Monday 25 September 2017

Deflating housing bubble must bring realistic prices

Politicians need to be honest over remedies for the dysfunctional property market, writes Colm McCarthy

Problems building: With few properties available in many parts of Dublin for much under €350,000, home ownership is becoming a distant dream for today’s younger generation. Stock photo: Deposit photos
Problems building: With few properties available in many parts of Dublin for much under €350,000, home ownership is becoming a distant dream for today’s younger generation. Stock photo: Deposit photos
Colm McCarthy

Colm McCarthy

Friday's report from Daft.ie, urging changes in the regulation of the housing market to counter the latest jump in prices, should have come as no surprise at RTE's sprawling Donnybrook campus in leafy Dublin 4. The State broadcaster has just concluded a deal to sell an 8.6-acre portion of the site, which is 6km from the city centre, for the astonishing figure of €108m, without planning permission.

The developers hope to build 500 residential units, almost all of which will be apartments. The price works out at €12.5m per acre and equates to €216,000 site cost per unit before a planning adviser has been engaged, much less a sod turned. It will be many years before the first home is occupied and hard to see how the cheapest will sell for under half a million.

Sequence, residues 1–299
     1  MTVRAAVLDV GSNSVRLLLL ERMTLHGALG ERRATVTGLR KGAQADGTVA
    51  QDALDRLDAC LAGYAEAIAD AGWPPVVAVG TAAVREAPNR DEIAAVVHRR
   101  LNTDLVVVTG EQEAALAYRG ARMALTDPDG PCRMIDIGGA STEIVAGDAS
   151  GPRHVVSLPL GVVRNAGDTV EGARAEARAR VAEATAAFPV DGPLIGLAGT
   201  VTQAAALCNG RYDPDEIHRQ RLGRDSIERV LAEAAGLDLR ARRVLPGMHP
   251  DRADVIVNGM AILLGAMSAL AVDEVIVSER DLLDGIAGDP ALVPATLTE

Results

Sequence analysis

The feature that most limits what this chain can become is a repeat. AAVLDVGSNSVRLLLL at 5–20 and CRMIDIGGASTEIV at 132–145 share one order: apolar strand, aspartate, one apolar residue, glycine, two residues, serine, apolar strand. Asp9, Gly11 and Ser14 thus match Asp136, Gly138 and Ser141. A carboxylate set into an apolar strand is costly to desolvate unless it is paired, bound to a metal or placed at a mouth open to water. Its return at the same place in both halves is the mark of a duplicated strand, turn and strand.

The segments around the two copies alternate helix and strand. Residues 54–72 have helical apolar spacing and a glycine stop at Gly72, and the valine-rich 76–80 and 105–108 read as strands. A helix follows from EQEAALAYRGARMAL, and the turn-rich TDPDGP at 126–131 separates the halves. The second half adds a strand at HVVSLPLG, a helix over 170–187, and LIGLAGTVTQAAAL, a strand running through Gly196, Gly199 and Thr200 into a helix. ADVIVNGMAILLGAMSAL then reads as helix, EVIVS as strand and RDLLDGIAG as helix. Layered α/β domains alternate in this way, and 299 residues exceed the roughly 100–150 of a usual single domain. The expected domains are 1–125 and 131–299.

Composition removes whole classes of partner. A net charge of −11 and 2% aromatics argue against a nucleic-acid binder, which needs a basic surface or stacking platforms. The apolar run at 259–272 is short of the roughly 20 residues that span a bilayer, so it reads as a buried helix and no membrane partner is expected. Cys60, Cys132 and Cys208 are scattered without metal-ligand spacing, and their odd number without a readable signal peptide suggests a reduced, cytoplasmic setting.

RTE's Donnybrook site is one of many examples of profligate and wasteful land-use policies in the Dublin area, where the few available sites are again commanding bubble valuations. The immediate area includes UCD's huge Belfield campus, an 18-hole golf course and an ugly sprawling bus garage. Every site that changes hands mobilises local residents, assured of generous exposure on RTE, to oppose the granting of planning permission, even in areas that enjoy residential zoning and are well-served by public transport.

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